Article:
The driver of the motorcycle cheerfully answered that they were and I told him I was a photojournalist from the United States. He got an absolute kick out of that and asked where we were going. I told him we were trying to get back to our hotel and described to him where it was.
He thought a moment and said they were also trying to get back to Plaza De Armas and told us he would lead us back to our hotel. “Follow me!” – and he was off.
We wound around through some small neighborhoods around the city center full of kids enjoying the traffic free streets with spontaneous soccer and volleyball games and in about 10 minutes we were back to our hotel without having encountered another blockade.
I thanked the moto-journalists profusely and with a grin and wave they were off to continue their work. I was absolutely brimming with happiness being part of the journalism community at that moment- we have a strong sense of camaraderie that transcends borders.
The hotel staff smiled when I came back in the front door and I joked with them about what was going on outside. We were given the same hotel room we had spent nearly a week in and were soon walking towards Plaza De Armas (the focus of the protest) me carrying a 5D Mark II and Nathaniel with his Go-Pro and Canon G12.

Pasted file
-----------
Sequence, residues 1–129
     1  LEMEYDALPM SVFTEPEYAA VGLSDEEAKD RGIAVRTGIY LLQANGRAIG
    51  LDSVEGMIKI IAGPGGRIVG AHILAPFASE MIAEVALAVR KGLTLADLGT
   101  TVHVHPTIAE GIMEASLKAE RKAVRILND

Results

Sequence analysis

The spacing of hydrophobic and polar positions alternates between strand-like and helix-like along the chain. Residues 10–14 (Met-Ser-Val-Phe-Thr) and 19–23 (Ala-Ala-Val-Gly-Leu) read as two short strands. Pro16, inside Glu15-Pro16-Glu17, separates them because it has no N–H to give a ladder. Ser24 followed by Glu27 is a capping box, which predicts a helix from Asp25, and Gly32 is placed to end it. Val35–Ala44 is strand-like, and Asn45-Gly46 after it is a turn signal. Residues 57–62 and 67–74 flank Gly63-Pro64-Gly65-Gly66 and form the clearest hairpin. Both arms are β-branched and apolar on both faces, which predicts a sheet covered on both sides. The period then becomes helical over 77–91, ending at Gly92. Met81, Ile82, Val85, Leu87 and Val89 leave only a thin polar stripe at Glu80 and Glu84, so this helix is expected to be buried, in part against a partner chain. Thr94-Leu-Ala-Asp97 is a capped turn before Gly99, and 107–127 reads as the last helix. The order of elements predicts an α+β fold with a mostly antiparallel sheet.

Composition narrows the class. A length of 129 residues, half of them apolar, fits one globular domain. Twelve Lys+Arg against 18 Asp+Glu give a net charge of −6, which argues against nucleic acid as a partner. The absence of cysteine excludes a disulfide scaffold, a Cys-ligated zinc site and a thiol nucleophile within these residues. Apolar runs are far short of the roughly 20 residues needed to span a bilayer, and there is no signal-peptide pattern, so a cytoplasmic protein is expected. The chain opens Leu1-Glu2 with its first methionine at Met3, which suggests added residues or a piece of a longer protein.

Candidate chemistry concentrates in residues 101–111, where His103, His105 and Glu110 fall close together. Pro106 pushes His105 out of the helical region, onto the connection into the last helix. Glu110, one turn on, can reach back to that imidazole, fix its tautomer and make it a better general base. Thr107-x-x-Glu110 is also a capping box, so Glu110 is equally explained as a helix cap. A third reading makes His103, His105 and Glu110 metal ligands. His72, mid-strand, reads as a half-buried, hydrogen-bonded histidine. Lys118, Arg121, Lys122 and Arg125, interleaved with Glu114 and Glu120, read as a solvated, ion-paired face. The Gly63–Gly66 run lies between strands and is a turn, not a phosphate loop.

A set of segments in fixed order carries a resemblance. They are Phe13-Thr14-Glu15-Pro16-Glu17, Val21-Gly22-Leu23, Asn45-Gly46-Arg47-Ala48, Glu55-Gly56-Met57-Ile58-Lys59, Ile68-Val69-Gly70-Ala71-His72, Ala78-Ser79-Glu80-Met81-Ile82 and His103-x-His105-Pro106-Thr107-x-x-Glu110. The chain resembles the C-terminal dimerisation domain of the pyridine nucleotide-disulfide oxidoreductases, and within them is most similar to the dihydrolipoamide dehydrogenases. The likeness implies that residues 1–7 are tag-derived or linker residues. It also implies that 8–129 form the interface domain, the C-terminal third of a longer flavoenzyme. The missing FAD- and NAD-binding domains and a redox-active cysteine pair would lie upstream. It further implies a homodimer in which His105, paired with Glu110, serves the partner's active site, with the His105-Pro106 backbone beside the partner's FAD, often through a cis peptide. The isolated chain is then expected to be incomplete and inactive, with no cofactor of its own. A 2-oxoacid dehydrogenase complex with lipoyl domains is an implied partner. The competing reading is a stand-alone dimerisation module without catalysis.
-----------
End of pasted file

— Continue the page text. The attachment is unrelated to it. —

I was right in my assumption that the protestors would ignore our presence as long as we were not violating the motor vehicle ban. Nathaniel and I both agreed that at no time did we feel like we were in danger. This video our motorcycles friends produced shows us riding through Cusco during the protest, check 38 seconds into the video: http://www.youtube.com/watch?v=RbwUKMoiTik
Photographing the protest was really fun for me because I haven’t had the opportunity to shoot an event like that in a long time and it is one of my favorite things to photograph. I love covering protests because the energy is high, you have to be alert at all times and people are usually so involved in what they are doing photographers can be truly invisible as they do their work.
Even the most laid back of subjects tend to be a little self aware in front of a camera, but that is hardly ever an issue during events like this.
I spent the next several hours photographing the protest and seeing if they AP was in need of any photos of the protest. Spoiler: They didn’t need the photos, however the Photo Director for the region told me he liked my work and to feel free to contact them again if I came upon anything else I felt was newsworthy.